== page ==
It’s common for parks to be named after prominent citizens – living or dead. That’s certainly the case in South Knoxville and South Knox County, where everyone from Gary Underwood to Marie Myers is celebrated in grass, greenways and play areas.
The granddaddy of them all, south of the river, is indisputably I.C. King, whose name is honored by a 230-acre park that stretches between Alcoa Highway and Maryville Pike.
The 2019 creation of an entrance at 2625 Maryville Pike, along with a picnic pavilion, play structure, parking lot, restrooms and 2-acre dog park, has made King’s name part of the popular vernacular once again. While the structures are still off limits as part of the county’s coronavirus closures, outdoor enthusiasts are enjoying socially distanced fishing and paddling, as well as hiking, running and mountain-bike rides on the park’s eight miles of natural-surface trails.
Unfortunately, we’ll never know what King would think of I.C. King Park; he died Dec. 23, 1952. But considering the prodigiousness of his offspring, it’s likely that he would have appreciated having a place for his kids to go to get out of the house.
Inslee Columbus King, born July 5, 1877, was the son of Benjamin F. and Elizabeth Monday King. Benjamin, a blacksmith, died when I.C. was 16.
King was 20 when he married Annie B. Jones, daughter of Jack “Jackie” Jones and Sarah Matthews Jones, on Aug. 10, 1897. Jackie Jones owned the majority of South Knoxville from the Tennessee River to Woodlawn Cemetery and donated land for the original South Knoxville Baptist Church building.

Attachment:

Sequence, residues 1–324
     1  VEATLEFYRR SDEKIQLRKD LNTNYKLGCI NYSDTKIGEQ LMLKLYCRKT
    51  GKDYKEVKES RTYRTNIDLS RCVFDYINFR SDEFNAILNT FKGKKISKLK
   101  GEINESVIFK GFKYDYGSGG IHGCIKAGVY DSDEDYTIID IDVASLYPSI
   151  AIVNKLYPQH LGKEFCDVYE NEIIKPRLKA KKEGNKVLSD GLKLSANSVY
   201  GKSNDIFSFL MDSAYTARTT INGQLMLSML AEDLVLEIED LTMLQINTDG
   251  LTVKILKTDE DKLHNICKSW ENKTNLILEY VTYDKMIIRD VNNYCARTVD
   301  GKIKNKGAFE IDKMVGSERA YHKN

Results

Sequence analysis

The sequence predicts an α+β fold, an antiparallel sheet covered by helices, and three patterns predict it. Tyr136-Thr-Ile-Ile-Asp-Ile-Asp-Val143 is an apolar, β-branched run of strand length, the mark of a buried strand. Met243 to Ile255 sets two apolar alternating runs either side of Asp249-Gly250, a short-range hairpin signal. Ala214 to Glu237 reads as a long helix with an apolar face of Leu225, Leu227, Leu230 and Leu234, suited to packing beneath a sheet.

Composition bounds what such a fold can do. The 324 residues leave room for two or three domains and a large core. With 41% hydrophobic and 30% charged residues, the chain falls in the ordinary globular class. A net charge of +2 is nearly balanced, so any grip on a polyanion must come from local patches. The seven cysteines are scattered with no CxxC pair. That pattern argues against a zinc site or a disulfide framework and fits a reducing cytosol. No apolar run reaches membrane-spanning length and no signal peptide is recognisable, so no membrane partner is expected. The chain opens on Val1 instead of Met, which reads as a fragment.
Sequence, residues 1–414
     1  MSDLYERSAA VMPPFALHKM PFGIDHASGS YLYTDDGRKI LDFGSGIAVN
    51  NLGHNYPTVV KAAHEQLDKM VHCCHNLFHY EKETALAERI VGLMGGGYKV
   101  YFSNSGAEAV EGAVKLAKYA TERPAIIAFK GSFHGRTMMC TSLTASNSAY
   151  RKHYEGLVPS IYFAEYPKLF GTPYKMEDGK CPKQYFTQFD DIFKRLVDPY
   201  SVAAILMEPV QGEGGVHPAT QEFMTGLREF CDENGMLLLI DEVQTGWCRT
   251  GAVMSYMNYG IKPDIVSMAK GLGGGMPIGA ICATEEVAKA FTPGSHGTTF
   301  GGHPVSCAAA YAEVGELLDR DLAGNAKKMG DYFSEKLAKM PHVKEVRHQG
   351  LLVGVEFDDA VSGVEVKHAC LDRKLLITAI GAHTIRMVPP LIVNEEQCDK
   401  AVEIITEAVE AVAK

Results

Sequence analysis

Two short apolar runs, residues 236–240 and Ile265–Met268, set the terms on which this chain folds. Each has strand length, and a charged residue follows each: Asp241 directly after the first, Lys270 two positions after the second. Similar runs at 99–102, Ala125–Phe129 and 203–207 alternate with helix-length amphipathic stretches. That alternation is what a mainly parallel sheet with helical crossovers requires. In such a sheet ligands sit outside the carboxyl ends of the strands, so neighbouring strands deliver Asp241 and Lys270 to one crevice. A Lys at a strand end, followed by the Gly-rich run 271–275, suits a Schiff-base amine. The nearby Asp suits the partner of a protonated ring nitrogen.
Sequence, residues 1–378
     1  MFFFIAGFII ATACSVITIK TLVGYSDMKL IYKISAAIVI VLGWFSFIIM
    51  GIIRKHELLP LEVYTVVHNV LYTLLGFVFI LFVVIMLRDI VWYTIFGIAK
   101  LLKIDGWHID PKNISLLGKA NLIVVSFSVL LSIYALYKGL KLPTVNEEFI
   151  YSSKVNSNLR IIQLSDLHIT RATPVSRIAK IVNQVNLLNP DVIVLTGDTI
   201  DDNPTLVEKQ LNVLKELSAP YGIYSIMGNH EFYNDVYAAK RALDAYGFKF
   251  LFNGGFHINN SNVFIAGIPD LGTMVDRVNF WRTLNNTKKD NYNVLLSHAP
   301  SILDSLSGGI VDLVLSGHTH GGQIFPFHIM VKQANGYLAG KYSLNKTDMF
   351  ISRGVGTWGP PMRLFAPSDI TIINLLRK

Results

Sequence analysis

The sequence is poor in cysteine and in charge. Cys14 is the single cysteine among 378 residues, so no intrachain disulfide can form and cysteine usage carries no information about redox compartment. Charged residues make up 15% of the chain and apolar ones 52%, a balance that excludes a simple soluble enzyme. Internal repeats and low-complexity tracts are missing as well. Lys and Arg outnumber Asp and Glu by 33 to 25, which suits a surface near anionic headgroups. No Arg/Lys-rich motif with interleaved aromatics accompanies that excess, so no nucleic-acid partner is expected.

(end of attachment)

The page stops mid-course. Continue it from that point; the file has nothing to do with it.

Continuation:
I.C. and Annie had 12 children: Frank “Sonny” Jones King, Jack Arnold King, Charles McGee King, Helen King Byrd, Irene King Rose, Louise King Haws, Elizabeth King Parnell, Stella King Anderson, Sue Annette King, Inslee Columbus King Jr., William Taylor King and Roe “Rody” Monday King.
Although he left school after eighth grade, I.C. King was a successful businessman and a politician. He dealt in real estate, but his main business was a grocery store on Sevier Avenue – the building now houses Alliance Brewing Co.
He ran for and won the office of register of deeds when he was 32. He was appointed a U.S. Marshal and served during the terms of presidents Warren Harding, Calvin Coolidge and Herbert Hoover. Well respected in local Republican politics, he served as county welfare director and a county squire (the precursor to county commissioner).
King descendant Meridee Nelson Underwood published the book “Gifts From Mama King,” a collection of Annie King’s poems, other writings and news clippings, in 1996. Included was an undated, unsourced newspaper article that stated King “was born and reared near the river about four miles south of Knoxville.”
A similar bio could be printed for many of King’s descendants, who are still spread throughout South Knoxville. Acclaimed eatery Ye Olde Steakhouse was started by Burnett “Bunt” King in 1968 and is still owned by his children. Longtime Knoxville Journal sports editor Ben Byrd, who died in 2016, made his home in SoKno most of his life.
Many folks in South Knoxville (this writer included) can claim some tie to the King and Jones families. So while he’s been gone almost 70 years, I.C. King remains a vital part of this community, through his kinfolks and the park that honors him.
Betsy Pickle is a freelance writer and editor who particularly enjoys spotlighting South Knoxville.